For the next three weeks, Dr. Pawson kept Christopher so hard at work mending the house that he fell into bed each night too weary to dream. Each morning when Christopher arrived, Dr. Pawson was sitting in his armchair in the hall, waiting for him.
"To work, Chant!" he would bark.
Christopher took to replying, "Really, sir? I thought we were going to have a lazy day like yesterday." The strange thing about Dr. Pawson was that he did not mind this kind of remark in the least. Once Christopher got used to him, he discovered that Dr. Pawson rather liked people to stand up to him, and once he had discovered that, Christopher found that he did not really hate Dr. Pawson - or only in the way you hate a violent thunderstorm you happen to be caught in. He found he quite liked rebuilding the house, though perhaps the thing which he really liked was working magic that actually did something. Every spell he did had a real use. That made it far more interesting than the silly things he had tried to learn at school. And the hard work was much easier to bear when he was able to say things to Dr.Pawson that would have caused masters at school to twist his ears and threaten to cane him for insolence.
"Chant!" Dr. Pawson howled from his armchair in the middle of the lawn. "Chant! The chimney pots on the right are crooked."
Christopher was balanced on the tiles of the roof, shivering in the wind. It was raining that day, so he was having to maintain a shelter-spell for the roof and for the lawn while he worked. And he had put the chimneys straight four times already. "Yes, sir, of course, sir!" he screamed back. "Would you like them turned to gold too, sir?"
"None of that or I'll make you do it!" Dr. Pawson yelled.
When Christopher came to mend Dr. Pawson's mother's room, he made the mistake of trying to treat old Mrs. Pawson the same way. She was sitting up in a bed heaped with plaster from the ceiling, looking quite comfortable and composed, knitting something striped and long. "I saved the looking-glass, child," she remarked with a pleasant smile, "but that is as far as my powers stretch. Be good enough to mend the chamber pot first, and count yourself fortunate, child, that it had not been used. You will find it under the bed."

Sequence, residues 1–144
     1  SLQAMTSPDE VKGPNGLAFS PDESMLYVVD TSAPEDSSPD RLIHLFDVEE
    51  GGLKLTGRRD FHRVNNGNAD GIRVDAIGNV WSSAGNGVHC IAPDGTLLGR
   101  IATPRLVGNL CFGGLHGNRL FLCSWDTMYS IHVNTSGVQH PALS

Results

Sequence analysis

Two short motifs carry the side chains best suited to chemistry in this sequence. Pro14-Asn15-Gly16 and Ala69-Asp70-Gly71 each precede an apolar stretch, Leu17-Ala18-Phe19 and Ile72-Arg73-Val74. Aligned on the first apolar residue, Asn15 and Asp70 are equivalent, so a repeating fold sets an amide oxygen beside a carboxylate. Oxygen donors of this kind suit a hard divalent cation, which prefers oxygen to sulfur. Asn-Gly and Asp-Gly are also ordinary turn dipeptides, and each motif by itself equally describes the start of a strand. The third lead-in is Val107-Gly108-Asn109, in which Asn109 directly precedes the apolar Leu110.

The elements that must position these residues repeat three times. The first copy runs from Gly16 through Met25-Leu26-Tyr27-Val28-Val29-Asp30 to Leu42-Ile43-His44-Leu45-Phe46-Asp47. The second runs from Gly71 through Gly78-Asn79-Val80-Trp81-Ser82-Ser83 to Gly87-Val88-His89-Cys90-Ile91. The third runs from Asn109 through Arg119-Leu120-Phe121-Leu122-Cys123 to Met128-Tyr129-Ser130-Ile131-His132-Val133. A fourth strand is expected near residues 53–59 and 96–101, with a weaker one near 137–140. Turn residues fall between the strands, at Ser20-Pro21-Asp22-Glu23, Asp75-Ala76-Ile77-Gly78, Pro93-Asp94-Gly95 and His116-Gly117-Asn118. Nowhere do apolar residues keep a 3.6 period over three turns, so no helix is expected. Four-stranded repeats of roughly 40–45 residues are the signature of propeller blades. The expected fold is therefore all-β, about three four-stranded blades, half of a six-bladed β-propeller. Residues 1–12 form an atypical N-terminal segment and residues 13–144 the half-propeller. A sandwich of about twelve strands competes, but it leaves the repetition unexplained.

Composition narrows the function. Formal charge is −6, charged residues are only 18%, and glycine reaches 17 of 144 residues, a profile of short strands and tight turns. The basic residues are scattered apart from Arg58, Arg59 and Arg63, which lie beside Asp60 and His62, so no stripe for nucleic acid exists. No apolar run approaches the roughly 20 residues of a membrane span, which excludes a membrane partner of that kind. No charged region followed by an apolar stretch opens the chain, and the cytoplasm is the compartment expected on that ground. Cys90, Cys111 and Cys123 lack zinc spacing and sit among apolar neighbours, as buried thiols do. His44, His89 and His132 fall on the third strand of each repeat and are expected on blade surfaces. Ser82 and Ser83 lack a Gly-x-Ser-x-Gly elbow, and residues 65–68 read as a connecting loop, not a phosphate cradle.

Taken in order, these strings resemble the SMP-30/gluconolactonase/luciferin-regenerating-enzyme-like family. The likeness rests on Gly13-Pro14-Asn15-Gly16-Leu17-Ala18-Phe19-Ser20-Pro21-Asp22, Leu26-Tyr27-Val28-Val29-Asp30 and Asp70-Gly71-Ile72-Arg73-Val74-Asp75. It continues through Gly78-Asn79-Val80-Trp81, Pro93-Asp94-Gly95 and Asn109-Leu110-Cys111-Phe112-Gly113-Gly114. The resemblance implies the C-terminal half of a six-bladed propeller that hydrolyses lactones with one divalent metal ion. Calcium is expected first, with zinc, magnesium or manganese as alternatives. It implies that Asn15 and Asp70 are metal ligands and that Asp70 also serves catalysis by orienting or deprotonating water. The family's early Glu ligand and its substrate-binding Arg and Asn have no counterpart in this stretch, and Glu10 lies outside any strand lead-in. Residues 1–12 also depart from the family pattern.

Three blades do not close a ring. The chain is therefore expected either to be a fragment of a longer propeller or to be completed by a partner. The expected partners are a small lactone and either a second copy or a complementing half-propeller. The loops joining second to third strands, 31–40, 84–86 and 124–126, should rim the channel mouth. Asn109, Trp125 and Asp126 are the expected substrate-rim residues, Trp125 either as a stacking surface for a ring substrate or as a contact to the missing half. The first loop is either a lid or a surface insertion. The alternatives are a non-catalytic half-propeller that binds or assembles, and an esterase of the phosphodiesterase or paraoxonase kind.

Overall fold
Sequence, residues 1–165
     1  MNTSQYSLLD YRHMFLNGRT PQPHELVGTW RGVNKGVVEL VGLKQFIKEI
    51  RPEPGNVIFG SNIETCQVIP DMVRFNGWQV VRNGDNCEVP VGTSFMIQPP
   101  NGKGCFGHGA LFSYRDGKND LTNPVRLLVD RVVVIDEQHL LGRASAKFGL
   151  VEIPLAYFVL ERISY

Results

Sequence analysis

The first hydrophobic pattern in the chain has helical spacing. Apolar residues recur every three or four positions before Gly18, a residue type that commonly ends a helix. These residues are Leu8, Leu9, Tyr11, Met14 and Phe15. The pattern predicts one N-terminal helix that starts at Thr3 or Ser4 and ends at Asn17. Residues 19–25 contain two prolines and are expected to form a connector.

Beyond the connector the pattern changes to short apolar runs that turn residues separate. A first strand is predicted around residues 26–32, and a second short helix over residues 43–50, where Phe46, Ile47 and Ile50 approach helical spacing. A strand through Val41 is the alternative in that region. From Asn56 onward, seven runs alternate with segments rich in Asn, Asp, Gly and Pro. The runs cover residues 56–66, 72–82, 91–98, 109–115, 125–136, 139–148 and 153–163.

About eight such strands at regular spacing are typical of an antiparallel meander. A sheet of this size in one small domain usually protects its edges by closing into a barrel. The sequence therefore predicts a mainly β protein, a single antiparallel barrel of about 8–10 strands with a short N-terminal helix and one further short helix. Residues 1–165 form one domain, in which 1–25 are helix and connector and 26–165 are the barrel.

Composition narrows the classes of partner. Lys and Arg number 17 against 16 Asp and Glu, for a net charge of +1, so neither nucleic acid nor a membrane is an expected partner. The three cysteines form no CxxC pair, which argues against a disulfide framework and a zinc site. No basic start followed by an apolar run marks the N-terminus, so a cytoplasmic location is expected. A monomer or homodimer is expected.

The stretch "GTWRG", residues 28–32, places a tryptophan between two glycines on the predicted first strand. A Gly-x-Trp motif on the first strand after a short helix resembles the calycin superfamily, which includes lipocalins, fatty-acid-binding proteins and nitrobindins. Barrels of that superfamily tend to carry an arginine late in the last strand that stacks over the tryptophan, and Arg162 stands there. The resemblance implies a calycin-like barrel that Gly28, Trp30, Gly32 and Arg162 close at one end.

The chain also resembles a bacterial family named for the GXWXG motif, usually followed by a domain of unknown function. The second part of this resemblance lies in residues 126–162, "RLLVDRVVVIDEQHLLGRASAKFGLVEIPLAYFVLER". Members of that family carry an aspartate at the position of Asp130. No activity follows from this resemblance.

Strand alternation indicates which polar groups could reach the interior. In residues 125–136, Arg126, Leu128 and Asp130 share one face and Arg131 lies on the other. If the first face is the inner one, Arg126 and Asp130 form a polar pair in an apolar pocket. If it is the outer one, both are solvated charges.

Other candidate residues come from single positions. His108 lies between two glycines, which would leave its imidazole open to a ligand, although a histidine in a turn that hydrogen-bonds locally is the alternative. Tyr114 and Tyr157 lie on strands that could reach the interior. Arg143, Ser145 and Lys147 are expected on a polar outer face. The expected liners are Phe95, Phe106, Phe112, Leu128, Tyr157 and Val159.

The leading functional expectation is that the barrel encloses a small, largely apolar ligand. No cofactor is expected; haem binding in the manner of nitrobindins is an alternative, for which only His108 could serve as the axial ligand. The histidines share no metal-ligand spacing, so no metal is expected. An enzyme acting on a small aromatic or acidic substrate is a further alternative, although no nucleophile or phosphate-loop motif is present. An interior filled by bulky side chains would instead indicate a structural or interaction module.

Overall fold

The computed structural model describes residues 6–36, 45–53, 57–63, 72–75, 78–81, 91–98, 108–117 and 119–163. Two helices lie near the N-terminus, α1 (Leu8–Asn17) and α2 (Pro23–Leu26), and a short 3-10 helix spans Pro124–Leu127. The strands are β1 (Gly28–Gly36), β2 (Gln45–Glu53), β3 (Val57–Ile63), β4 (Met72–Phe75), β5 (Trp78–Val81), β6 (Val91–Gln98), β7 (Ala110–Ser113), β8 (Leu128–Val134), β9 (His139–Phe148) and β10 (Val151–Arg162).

Christopher fished it out in three broken white pieces and got to work.
"Mend it quite straight," old Mrs. Pawson said, her knitting needles clattering away. "Make sure the handle is not crooked and the gold rim around the top is quite regular. Please do not leave any uncomfortable lumps or unsightly bulges, child."
Her voice was gentle and pleasant and it kept interrupting the spell. At length Christopher asked in exasperation, "Would you like it studded with diamonds too? Or shall I just give it a posy of roses in the bottom?"
"Thank you, child," said Mrs. Pawson. "The posy of roses, please. I think that's a charming idea."
Dr.Pawson, sitting by in his armchair, was full of glee at Christopher's discomfiture. "Sarcasm never pays, Chant," he bawled. "Roses require a creation-spell. Listen carefully."
After that, Christopher had to tackle the maids' rooms. Then he had to mend all the plumbing. Dr. Pawson gave him a day off on Sundays so that Papa could take him to church. Christopher, now he knew what he could do, toyed with the idea of making the church spire melt like a candle, but he never quite dared to do it, with Papa pacing soberly beside him. Instead, he experimented in other ways. Every morning, while he was walking up the Trumpington Road, he tried to coax the trees that lined it into a different pattern. He got so good at it that before long he could shunt them up the road in a long line and crowd them into a wood at the end. In the evenings, tired though he was, he could not resist trying to make the lodging house supper taste better. But food magic was not easy.
"What do they put in sausages these days?" Papa remarked. "These taste of strawberry."
Then came a morning when Dr. Pawson shouted from his chair in the hall, "Right, Chant, from now on you finish the mending in the afternoons. In the mornings we teach you some control."
"Control?" Christopher said blankly. By this time the house was nearly finished and he was hoping that Dr. Pawson would soon have finished with him too.
"That's right," Dr. Pawson bawled. "You didn't think I'd let you loose on the world without teaching you to control your power, did you? As you are now, you're a menace to everyone. And don't tell me you haven't been trying to see what you can do, because I won't believe you."
Christopher looked at his feet and thought of what he had just been doing with the trees in the Trumpington Road. "I've hardly done anything, sir."
"Hardly anything! What do boys know of restraint?" said Dr. Pawson. "Into the garden. We're going to raise a wind, and you're going to learn to do it without moving so much as a blade of grass."